Employers should make sure they have treated all similarly-situated employees the same or have a legitimate business reason for treating employees differently (i.e., performance criteria, last hired, first to go).
Worker Adjustment and Retraining Notification Act (WARN)
Employers must determine if the WARN Act applies to the layoff or RIF. The WARN Act requires covered employers provide written notice at least 60 calendar days in advance of covered plant closings and mass layoffs. A WARN notice is required when a business with 100 or more full-time workers (exempting employees who have been with the employer less than six months and those who work less than 20 hours per week) is laying off at least 50 people at a single site of employment or employs 100 or more workers who work at least a combined 4,000 hours per week. There are exceptions to the mandatory 60-day notice that may apply to the current covid-19 situation including unforeseeable business circumstances and natural disaster.
In addition to the federal WARN Act, several states have their own mini-WARN acts with similar requirements, including California, Hawaii, Illinois, Iowa, Maine, New Hampshire, New Jersey, New York, Tennessee, Vermont and Wisconsin.
Older Workers Benefit Protection Act (OWBPA)
If an employer uses releases from age discrimination in exchange for severance pay in a RIF or layoff, the employer must comply with OWBPA to effectively release claims under the Age Discrimination in Employment Act (ADEA). Generally, the OWBPA requires covered employers to give employees up to 21 days to consider the severance offer, or 45 days in the case of a layoff of more than one employee, and a seven-day period after signing to revoke the release of the ADEA/OWBPA claims. Also, employers have a duty to disclose the age and title of the workers who are chosen for layoff and the selection criteria. Because of the specific language required in the release, it is strongly recommended employers consult with counsel when drafting the releases.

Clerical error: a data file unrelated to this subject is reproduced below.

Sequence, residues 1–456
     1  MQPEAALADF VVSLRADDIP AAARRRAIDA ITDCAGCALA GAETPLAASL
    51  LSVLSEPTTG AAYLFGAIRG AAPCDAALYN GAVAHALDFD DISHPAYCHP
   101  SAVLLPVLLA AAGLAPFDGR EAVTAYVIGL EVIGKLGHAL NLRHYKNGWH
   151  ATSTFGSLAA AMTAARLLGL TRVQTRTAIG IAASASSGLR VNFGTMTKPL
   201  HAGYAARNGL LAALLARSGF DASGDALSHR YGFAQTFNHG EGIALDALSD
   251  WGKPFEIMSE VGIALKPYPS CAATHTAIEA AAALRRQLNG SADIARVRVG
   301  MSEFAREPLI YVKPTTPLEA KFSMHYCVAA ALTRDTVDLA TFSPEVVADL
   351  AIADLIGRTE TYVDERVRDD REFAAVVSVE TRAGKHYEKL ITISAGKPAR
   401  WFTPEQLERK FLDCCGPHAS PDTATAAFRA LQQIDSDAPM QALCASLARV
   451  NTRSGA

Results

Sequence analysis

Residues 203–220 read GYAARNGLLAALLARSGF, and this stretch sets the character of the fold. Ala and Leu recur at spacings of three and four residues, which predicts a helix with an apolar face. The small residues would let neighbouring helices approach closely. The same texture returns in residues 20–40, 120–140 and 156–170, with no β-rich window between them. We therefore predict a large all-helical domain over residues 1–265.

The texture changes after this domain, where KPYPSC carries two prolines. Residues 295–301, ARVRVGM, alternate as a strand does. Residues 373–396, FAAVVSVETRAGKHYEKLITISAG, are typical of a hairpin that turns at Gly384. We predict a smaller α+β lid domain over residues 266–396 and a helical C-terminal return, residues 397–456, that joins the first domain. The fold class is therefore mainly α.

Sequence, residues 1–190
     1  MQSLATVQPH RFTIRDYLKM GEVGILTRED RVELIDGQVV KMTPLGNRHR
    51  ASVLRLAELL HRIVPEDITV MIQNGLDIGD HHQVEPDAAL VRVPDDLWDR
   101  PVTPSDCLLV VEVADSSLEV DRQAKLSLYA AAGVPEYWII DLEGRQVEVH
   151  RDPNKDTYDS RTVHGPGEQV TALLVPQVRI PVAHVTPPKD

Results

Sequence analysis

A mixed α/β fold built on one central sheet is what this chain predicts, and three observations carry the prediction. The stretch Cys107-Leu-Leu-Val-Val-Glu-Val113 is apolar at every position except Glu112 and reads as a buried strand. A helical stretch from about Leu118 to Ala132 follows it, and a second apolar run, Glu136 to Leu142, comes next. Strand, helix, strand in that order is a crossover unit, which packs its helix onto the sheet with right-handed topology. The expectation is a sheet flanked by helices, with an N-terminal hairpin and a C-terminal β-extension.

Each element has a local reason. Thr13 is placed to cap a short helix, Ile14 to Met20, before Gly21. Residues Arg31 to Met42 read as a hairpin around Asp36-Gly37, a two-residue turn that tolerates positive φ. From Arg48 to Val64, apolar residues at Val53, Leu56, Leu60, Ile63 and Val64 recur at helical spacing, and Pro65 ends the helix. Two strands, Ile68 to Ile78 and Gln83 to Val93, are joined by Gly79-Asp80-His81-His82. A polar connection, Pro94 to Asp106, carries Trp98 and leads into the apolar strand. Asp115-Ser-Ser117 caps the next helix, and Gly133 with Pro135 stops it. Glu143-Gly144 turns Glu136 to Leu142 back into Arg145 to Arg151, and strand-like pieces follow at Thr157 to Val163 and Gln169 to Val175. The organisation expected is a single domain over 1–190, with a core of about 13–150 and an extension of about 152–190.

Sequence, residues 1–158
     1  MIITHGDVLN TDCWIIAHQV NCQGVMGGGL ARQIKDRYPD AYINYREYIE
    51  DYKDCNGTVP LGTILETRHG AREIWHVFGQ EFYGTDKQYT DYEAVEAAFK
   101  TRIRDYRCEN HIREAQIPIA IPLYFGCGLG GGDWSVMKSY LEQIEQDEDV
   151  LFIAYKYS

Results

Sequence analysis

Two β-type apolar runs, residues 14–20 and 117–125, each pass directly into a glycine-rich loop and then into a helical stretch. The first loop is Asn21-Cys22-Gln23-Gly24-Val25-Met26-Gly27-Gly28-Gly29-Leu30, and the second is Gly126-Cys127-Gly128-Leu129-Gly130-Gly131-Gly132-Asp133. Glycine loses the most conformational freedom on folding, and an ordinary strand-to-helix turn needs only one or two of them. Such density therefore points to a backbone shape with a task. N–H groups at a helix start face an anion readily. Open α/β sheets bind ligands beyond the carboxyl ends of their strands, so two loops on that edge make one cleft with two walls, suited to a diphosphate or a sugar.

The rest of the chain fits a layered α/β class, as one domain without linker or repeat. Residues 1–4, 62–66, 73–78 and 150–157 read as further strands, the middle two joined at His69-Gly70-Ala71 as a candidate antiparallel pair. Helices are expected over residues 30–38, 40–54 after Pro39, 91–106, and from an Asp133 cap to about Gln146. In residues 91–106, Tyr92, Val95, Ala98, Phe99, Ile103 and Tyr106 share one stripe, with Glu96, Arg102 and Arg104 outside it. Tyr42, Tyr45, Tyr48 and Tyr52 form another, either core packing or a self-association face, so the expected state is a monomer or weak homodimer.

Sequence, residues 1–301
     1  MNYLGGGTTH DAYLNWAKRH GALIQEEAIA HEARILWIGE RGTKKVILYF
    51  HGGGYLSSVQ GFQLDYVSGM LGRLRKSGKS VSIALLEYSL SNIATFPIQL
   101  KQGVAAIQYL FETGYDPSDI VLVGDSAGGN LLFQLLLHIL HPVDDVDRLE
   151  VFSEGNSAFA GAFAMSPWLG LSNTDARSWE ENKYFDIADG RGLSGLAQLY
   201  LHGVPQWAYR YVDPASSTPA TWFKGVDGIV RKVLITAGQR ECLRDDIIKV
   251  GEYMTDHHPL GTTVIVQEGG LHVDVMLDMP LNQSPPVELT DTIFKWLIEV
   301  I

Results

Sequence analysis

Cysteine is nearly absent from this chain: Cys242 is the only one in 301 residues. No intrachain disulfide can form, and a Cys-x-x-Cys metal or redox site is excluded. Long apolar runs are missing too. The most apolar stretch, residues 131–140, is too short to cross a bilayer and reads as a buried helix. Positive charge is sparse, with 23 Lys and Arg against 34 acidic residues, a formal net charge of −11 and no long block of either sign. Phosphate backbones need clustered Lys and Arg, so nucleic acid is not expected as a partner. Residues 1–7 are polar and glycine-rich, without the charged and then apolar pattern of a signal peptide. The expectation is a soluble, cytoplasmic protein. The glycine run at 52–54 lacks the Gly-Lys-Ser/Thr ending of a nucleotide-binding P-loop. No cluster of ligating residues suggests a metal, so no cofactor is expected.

Wage and Hours Issues
When furloughing employees, wage and hour issues may come into play. The FLSA has no provision for deductions from salary due to lack of work. Therefore, an employer cannot furlough an exempt employee for a part of a week and make a deduction from that employee’s salary. If an exempt employee works any portion of a week, he/she must be paid his/her full salary for that week. It is permissible, however, to furlough an exempt employee for an entire week and not pay the employee for that week. Employers should make sure exempt employees perform no work while on furlough, not even respond to emails or answer work calls.
If salary cuts are being considered, employers should ensure they do not cut exempt salaries below the $684/week threshold to be considered exempt.
Smart HR is Your Trusted Advisor
Making employment decisions that negatively impact your workforce is extremely difficult. Care should be given to researching alternative options, crafting communications in the most thoughtful manner and providing resources to the affected employees such as COBRA and unemployment insurance guidance. Every situation and company is different, and Smart HR can provide you with customized solutions helping you every step of the way. Lean on Smart HR and call today.